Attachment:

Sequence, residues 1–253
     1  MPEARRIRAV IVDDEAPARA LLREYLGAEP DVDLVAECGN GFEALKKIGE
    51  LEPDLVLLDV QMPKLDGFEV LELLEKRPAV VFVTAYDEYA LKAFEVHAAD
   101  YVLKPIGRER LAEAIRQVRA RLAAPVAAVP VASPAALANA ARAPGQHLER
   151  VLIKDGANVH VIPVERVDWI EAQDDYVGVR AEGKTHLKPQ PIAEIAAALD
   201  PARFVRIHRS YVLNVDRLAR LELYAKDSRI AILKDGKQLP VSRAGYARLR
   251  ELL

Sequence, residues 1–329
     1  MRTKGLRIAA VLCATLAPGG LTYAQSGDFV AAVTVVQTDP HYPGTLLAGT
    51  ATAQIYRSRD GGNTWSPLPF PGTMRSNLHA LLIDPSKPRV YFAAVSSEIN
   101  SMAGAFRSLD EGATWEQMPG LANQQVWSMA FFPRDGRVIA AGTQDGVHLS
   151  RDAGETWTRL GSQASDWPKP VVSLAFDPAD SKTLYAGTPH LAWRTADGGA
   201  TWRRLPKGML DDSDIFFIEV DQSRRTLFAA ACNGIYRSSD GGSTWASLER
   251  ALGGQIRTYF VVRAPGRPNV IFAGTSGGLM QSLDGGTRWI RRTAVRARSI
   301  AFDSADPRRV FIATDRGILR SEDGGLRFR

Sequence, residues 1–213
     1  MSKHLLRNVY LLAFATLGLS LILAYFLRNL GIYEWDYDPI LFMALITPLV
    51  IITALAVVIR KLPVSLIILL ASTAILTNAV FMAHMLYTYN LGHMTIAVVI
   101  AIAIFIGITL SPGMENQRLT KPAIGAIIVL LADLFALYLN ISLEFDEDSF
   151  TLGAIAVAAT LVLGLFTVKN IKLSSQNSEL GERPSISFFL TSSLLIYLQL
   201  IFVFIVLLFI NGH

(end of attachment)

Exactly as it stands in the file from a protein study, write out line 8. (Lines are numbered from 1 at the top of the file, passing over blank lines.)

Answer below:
Sequence, residues 1–329